Now I’m trying to make them on the Glowforge. It works (after adjusting kerf compensation as expected), but the pieces fit with much more “wobble” than before—that is, two pieces fit together do not sit on exactly the same plane. I imagine this is because of the hourglass shape of the cutting “blade”, and indeed it looks like the bottom of each piece is slightly wider than the top.
First, is this an expected difference from a 3x more powerful laser? The greater power means it cuts faster / straighter?
Second, is there a way to compensate so my cuts are straight? I tried tweaking focus height but that just seems to leave burn marks…
Possibly, but I suspect it may have to do with the lens or laser type. The glowforge lens has a pretty short focus distance, so the angles of the “hourglass” are fairly steep. A lens that focuses further away will have less pronounced hourglass angles.
As for compensating, the concept is flip-mating, where pieces that are meant to lock together are mirror imaged so that their respective cut profile shapes mate with each other.
Flip mating works best where each piece only touches other pieces that are flipped, I call it the “three edge problem”. There’s no way to cleanly flip mate pieces if any one piece touches an odd number of neighbors. (and really even sometimes where you’re touching two is a problem. Depends on the design.)
So in the end, I don’t have firm advice for you here, except to say that in general thinner pieces have less edge shape effects and if you can flip mating will always make a better fit.
edit: oh, also, success in kerf adjusting a path can be very much affected by how many nodes are in the path. Check this out:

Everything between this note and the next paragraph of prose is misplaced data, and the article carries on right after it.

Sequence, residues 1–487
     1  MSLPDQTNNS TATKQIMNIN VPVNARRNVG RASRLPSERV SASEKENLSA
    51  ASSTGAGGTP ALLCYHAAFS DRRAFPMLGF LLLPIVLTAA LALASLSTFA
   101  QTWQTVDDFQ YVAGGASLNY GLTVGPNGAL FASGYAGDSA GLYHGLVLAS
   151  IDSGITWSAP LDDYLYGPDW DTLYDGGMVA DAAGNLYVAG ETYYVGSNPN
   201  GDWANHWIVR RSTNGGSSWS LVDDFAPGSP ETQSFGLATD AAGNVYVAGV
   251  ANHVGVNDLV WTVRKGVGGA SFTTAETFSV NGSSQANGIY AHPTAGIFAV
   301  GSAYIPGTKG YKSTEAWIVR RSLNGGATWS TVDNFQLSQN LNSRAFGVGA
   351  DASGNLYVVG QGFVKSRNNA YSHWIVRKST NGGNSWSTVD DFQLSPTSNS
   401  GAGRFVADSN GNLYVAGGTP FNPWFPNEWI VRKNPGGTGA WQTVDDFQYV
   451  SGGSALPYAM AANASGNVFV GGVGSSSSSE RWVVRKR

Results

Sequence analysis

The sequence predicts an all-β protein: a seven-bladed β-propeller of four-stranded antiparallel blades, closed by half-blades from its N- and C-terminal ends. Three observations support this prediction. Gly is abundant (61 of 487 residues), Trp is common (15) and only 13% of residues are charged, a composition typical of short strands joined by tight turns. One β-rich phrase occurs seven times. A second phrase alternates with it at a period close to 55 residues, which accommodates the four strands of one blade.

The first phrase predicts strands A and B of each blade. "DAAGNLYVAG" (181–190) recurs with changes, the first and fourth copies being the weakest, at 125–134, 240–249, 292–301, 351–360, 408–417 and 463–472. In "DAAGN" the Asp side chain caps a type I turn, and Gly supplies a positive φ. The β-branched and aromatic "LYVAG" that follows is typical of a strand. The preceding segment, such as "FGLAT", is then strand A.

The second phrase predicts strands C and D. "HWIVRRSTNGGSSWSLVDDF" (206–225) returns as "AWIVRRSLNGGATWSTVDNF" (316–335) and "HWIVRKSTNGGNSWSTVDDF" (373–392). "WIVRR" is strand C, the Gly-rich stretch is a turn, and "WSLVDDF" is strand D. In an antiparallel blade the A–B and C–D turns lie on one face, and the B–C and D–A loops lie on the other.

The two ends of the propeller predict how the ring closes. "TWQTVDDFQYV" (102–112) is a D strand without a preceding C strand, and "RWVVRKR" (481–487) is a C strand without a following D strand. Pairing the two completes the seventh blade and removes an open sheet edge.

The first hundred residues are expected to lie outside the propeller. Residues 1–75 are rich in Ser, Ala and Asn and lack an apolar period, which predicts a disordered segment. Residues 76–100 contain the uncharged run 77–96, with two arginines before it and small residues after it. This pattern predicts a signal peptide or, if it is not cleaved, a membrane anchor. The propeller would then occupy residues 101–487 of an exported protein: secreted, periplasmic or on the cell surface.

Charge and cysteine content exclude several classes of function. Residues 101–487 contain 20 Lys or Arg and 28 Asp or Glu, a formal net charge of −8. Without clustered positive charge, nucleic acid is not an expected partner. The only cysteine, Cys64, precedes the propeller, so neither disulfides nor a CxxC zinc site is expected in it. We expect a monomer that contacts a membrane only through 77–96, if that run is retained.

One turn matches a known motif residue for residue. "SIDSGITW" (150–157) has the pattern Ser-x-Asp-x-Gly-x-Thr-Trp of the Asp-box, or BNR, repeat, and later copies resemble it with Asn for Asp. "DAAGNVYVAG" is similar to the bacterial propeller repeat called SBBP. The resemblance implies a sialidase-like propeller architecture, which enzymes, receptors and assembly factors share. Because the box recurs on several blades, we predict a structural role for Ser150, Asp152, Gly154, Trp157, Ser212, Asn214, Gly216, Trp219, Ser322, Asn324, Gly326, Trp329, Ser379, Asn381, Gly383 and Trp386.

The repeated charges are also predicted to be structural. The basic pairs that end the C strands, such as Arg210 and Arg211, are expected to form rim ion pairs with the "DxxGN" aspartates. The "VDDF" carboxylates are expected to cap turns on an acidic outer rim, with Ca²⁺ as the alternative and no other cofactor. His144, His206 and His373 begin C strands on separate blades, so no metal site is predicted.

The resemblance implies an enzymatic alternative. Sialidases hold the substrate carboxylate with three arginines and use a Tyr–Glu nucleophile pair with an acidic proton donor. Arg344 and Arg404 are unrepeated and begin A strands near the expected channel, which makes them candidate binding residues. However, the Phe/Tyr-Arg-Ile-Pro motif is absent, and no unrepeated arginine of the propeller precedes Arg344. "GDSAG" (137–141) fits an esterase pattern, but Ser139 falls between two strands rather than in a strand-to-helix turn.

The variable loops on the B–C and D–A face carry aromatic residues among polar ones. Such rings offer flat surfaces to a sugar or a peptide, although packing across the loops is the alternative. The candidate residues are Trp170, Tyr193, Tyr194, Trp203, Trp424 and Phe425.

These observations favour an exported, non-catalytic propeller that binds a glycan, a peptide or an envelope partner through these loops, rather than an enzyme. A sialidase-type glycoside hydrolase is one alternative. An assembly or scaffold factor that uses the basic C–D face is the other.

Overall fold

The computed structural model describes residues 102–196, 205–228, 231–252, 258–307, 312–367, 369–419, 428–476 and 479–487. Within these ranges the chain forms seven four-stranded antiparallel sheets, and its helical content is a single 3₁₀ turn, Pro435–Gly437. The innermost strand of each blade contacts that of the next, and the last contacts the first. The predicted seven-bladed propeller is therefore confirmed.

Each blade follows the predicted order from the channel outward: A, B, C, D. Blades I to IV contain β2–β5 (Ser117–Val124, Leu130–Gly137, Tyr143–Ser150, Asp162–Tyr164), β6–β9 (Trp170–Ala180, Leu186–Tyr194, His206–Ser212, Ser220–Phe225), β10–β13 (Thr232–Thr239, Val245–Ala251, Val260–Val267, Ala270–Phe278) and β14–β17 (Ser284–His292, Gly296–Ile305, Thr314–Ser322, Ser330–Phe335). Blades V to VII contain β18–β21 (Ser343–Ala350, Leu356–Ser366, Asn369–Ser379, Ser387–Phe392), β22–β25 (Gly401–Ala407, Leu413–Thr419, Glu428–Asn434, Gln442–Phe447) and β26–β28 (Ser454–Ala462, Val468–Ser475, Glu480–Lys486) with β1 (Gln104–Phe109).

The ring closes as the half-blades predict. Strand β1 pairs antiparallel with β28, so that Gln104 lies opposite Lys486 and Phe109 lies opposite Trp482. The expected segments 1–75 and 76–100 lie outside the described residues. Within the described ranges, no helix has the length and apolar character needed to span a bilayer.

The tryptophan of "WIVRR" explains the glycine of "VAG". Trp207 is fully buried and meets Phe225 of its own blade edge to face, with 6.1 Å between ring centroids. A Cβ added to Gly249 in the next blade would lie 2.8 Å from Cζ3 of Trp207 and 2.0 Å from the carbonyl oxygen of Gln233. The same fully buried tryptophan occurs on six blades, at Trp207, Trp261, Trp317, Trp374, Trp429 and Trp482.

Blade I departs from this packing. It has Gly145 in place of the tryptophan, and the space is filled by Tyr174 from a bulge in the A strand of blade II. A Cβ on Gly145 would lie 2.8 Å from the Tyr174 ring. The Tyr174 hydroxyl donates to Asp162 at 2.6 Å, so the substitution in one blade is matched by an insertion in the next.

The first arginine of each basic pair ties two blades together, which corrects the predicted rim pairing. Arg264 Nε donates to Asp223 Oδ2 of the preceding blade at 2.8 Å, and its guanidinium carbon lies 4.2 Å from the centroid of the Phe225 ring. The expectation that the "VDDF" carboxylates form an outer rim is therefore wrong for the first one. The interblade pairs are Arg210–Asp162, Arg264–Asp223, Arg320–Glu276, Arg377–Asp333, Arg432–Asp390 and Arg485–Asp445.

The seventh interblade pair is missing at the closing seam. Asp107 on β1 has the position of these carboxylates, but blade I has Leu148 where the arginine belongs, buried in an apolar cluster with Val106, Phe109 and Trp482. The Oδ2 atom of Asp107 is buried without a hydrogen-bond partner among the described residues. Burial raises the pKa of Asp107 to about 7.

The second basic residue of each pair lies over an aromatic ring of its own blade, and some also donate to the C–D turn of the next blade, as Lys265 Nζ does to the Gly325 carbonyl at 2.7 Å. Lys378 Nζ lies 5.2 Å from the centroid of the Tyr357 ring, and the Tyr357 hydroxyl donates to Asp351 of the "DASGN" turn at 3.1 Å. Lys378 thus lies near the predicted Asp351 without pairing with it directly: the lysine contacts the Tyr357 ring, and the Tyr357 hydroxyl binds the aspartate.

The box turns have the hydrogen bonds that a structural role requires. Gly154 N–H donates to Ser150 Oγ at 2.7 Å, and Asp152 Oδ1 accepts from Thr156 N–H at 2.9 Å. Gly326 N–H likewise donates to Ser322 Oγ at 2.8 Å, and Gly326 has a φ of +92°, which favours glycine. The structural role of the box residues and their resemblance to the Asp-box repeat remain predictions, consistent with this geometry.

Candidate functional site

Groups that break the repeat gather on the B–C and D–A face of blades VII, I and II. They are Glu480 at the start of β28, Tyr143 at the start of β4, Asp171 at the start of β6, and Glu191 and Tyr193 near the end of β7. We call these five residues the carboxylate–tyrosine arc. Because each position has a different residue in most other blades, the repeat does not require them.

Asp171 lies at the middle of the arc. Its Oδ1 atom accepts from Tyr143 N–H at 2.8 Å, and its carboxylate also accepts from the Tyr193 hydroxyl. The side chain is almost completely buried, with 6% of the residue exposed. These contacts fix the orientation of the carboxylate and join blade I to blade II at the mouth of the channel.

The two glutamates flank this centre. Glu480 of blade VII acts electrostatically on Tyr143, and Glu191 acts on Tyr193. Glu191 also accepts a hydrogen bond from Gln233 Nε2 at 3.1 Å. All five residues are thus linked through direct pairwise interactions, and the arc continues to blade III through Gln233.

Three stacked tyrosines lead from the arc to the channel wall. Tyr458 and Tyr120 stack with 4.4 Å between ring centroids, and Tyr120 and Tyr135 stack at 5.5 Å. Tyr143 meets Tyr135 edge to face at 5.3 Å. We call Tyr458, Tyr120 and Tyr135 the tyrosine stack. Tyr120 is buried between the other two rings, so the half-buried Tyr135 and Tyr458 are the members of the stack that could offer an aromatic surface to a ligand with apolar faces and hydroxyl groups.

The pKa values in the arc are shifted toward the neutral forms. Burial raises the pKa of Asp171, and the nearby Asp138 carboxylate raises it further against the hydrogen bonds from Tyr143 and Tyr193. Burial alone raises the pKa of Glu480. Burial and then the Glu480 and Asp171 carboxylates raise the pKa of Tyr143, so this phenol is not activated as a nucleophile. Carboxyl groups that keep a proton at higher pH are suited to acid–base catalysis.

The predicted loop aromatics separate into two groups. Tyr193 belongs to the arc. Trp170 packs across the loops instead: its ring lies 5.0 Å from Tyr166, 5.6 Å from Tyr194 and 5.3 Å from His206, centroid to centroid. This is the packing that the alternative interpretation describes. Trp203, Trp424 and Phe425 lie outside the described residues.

@evansd2 to the rescue again! Thanks for embedding the photos too.
Okay, so maybe not the power that’s different, but expected that GF’s hourglass is “steeper” than other lasers I might have used.
Yeah, the problem with flip-mating is that I often have the three-edge problem.
That’s interesting re: kerf adjustment! I indeed use stroke-to-path in Inkscape as kerf compensation, and discovered that I sometimes needed smaller/larger stroke widths depending on the complexity of the path. I didn’t think it was the number of nodes, but that some property of friction or the cutting process that made more squiggly pieces a tighter fit than smooth ones. Maybe it was just the way Inkscape drew paths all along.
Incidentally, I created some laser-related Inkscape extensions including a “flatten strokes to path” operation that automates kerf compensation outwards. (Doing it inwards would be a trivial change.) https://github.com/hobzcalvin/LaserPrep
Yeah, this is helpful especially when I have dozens of shapes; I think a stroke-to-path/union op would work with many selected, but not intersection. This also unlinks clones, converts objects to paths, etc. I have to iterate a lot: tweak stroke widths, export, print, repeat. So saving time on the export helps a lot.
Inkscape can be a buggy pain in the butt. I think about switching to Illustrator sometimes but wonder if I’d be able to automate it so freely. The Inkscape extensions API is limited, but I’ve been able to get it to do some nice things.
It’s interesting, because I routinely have multiple shapes and have never felt this pain.
I think maybe our workflows are slightly different; once I stopped viewing the pieces as one large aggregate and more as individual pieces in their own right I simplified my thought process and workflow significantly.